The manual would be improved by the addition of a specifications page, but maybe we can estimate the capacity without it. The give two recipes for white bread. The "large loaf" is 1.5 pounds and uses 3 cups of flour. The "small loaf" is 1.0 pounds and uses 2 cups of flour. Several reviews say that it is quiet and a good solid machine.
The Oster 4811 seems to be what is called a "vertical pan" machine. From what I am learning "horizontal pan" machines are now more common and make more traditionally shaped loaves. These days machines are available that make up to 2.5 pound loaves!
The Oster 4811 has only 6 buttons (and an LCD screen with menus). There are start and stop buttons (easy enough). There are hour and minute buttons (not much chance for confusion). There is an "arrow" button to move through menu selections and a "select" button to finalize a selection.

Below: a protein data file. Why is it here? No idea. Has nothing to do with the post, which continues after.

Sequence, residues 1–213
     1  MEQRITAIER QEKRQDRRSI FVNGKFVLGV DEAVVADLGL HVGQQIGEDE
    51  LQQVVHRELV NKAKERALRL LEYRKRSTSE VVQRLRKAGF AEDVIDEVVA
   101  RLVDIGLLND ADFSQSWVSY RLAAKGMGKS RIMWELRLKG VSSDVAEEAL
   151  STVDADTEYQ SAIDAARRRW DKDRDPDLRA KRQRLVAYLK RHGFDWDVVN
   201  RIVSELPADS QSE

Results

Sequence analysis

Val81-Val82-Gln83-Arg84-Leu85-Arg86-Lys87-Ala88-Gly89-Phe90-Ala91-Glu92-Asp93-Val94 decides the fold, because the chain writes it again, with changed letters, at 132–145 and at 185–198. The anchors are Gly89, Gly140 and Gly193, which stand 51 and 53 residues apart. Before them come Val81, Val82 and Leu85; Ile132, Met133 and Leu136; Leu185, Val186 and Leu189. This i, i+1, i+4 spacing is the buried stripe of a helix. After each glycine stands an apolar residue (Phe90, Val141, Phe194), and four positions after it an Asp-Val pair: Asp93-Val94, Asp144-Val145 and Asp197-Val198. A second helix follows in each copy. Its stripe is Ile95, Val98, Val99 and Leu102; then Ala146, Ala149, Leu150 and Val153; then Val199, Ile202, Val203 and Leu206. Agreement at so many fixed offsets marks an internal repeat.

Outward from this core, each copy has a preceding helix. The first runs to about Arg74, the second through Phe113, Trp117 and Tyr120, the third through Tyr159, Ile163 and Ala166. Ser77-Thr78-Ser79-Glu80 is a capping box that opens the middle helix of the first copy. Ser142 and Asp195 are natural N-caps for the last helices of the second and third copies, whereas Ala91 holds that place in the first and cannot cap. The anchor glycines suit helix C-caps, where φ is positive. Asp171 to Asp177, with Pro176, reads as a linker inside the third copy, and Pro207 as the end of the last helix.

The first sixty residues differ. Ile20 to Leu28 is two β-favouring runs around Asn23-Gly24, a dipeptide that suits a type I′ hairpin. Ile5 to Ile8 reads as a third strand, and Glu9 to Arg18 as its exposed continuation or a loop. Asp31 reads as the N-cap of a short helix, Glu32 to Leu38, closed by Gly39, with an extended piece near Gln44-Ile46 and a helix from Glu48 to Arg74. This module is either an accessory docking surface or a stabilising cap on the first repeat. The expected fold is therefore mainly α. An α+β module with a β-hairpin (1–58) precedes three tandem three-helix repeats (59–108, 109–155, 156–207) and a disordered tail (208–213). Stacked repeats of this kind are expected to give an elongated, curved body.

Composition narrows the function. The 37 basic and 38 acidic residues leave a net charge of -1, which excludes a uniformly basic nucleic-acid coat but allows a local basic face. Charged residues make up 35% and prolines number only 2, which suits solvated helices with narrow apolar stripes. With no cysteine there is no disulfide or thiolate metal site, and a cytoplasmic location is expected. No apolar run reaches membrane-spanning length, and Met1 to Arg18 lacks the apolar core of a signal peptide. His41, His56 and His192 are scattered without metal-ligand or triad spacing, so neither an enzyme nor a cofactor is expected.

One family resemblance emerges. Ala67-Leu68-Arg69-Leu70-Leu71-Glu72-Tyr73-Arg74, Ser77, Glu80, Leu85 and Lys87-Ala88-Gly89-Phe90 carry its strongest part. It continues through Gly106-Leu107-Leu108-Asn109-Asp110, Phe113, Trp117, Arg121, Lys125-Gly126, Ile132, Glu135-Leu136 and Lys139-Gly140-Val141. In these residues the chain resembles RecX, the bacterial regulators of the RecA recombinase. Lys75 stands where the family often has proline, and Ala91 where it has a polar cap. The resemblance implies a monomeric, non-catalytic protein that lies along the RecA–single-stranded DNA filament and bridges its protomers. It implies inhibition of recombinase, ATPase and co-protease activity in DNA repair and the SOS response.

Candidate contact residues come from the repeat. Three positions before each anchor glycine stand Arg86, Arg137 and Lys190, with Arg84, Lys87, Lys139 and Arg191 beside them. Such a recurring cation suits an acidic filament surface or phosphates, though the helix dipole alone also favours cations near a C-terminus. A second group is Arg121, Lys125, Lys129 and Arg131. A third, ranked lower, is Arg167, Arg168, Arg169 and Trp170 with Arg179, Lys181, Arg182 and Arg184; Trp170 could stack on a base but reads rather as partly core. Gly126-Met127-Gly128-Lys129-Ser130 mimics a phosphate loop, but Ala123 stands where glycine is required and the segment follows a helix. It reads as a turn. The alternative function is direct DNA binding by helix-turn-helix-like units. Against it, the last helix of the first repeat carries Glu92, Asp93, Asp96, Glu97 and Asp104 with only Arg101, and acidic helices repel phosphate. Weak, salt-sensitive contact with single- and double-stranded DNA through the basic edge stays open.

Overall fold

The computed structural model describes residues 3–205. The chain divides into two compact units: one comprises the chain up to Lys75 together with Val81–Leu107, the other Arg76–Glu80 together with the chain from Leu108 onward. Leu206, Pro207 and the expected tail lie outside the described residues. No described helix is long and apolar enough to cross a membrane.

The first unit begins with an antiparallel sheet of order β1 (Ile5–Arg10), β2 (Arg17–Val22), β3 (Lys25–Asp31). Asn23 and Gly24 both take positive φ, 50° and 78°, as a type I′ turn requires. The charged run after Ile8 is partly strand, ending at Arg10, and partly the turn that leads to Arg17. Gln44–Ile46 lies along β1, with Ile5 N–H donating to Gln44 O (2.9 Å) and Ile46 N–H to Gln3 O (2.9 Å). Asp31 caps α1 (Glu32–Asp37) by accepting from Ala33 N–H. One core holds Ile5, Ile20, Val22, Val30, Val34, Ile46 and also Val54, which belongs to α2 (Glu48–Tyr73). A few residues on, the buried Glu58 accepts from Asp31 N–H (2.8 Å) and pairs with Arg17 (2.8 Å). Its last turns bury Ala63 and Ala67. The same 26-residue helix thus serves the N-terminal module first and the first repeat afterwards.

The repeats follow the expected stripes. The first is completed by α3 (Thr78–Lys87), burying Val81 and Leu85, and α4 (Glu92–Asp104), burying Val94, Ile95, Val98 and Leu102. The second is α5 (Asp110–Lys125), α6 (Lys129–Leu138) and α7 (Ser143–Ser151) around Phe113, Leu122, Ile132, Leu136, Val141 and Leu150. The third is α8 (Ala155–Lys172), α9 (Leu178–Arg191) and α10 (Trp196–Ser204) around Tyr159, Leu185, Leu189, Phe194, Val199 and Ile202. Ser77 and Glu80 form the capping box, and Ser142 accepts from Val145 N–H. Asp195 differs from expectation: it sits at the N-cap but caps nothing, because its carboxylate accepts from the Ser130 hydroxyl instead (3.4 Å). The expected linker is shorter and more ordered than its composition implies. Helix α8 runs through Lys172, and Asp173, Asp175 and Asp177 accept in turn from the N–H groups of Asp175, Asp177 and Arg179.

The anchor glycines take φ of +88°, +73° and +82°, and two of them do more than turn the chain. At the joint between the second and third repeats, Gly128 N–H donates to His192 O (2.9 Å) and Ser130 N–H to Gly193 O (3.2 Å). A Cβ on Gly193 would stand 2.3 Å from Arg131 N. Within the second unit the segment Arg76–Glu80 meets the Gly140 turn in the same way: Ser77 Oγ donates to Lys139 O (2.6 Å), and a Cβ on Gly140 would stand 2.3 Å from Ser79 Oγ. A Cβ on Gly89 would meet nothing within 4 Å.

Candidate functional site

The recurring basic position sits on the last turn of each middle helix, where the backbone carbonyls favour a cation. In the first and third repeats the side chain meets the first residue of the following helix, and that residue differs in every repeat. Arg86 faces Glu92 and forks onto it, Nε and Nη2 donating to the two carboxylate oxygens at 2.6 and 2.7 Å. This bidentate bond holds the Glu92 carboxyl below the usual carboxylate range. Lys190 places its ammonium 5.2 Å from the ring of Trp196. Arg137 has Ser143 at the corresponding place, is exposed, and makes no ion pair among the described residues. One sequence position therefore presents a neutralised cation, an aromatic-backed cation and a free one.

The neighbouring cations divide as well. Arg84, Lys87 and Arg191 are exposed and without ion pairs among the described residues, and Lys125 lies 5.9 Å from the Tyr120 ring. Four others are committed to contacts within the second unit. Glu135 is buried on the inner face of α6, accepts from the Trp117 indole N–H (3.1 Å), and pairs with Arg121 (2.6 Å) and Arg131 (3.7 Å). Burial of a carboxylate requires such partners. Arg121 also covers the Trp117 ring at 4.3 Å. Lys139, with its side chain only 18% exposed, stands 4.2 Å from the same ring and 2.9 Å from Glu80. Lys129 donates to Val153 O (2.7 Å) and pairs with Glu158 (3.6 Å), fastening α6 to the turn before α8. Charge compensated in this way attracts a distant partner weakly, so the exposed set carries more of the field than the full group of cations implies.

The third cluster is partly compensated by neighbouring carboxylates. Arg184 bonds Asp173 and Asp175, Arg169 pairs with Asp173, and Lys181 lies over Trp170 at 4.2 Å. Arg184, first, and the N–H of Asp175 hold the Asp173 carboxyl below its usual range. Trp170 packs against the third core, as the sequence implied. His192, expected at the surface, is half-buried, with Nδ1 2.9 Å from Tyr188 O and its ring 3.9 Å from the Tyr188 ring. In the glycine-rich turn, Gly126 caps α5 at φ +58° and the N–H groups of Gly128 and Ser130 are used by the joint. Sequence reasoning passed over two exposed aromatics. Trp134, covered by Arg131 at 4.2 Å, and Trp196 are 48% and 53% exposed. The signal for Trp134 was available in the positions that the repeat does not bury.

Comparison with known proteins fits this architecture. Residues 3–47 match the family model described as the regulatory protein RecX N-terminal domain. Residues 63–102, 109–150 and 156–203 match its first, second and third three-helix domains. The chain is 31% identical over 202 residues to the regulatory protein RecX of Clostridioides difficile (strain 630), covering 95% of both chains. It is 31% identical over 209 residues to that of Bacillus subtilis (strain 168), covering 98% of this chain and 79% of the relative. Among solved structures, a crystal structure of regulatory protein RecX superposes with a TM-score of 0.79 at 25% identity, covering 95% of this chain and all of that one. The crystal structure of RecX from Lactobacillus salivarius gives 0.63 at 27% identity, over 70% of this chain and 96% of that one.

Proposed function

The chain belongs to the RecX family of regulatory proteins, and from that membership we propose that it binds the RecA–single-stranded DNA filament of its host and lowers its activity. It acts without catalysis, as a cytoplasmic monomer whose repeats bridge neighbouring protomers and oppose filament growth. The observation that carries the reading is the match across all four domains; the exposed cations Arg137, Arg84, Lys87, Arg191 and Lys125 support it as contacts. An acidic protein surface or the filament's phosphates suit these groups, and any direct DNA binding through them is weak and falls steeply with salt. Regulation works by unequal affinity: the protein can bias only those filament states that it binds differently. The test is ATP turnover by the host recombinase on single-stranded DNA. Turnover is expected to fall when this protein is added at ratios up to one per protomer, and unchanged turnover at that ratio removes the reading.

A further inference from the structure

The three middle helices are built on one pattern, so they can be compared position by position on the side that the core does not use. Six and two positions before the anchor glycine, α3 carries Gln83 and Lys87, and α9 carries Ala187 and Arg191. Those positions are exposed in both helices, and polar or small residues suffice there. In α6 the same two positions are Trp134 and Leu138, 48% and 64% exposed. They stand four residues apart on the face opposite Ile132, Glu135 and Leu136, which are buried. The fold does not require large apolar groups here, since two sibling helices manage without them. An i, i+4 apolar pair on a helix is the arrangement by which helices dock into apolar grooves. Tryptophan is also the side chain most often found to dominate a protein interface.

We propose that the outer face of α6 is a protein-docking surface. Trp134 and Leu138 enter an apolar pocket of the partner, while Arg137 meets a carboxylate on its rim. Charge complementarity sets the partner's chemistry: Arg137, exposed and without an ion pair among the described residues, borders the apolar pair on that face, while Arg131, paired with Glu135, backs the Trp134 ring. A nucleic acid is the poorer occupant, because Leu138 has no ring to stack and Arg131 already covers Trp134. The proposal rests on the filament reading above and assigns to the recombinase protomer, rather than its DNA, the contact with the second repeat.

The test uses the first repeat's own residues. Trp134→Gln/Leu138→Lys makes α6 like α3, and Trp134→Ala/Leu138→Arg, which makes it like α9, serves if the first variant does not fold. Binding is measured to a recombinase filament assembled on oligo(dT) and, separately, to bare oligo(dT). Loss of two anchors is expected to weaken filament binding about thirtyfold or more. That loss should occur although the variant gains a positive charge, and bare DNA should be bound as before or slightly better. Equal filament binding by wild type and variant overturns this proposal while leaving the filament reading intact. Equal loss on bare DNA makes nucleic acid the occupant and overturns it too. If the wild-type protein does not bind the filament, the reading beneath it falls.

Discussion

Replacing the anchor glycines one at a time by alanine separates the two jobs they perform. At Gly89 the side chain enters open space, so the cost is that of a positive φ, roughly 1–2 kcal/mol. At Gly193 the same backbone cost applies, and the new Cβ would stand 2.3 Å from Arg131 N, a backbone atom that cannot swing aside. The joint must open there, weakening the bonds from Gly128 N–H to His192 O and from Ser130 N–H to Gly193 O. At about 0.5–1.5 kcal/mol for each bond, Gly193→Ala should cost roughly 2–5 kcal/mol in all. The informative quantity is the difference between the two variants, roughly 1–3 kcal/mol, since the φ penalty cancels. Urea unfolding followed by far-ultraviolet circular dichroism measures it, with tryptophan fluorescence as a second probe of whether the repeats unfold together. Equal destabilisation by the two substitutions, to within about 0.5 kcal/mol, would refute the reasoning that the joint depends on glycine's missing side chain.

When it first turns on, the arrow button allows you to choose one of 4 bread types: white, whole wheat, french, and sweet. After making that selection, you another set of 4 choices: light, medium, dark, or dough only. Then you get the option to select rapid (but if you hit the arrow key it cancels this and moves on to the next set of choices, which are "large" or "small". After this, you are ready to go and can just press Start to get going.
However, if you want to use the delay feature, you should use the hour and minutes button to set up the delay before pressing start. Note that the time displayed will be the time when the bread is done, which is a nice way to do things. Minute delays must be done to the nearest 15 minutes. There is a yellow delay button to indicate this has been activated.
The time display shows how long you have to go. The Stop button responds only if you hold it down a full second or so.
The Bread Machine Digest is a nice online resource.
Tom's Culinary Resources / email@example.com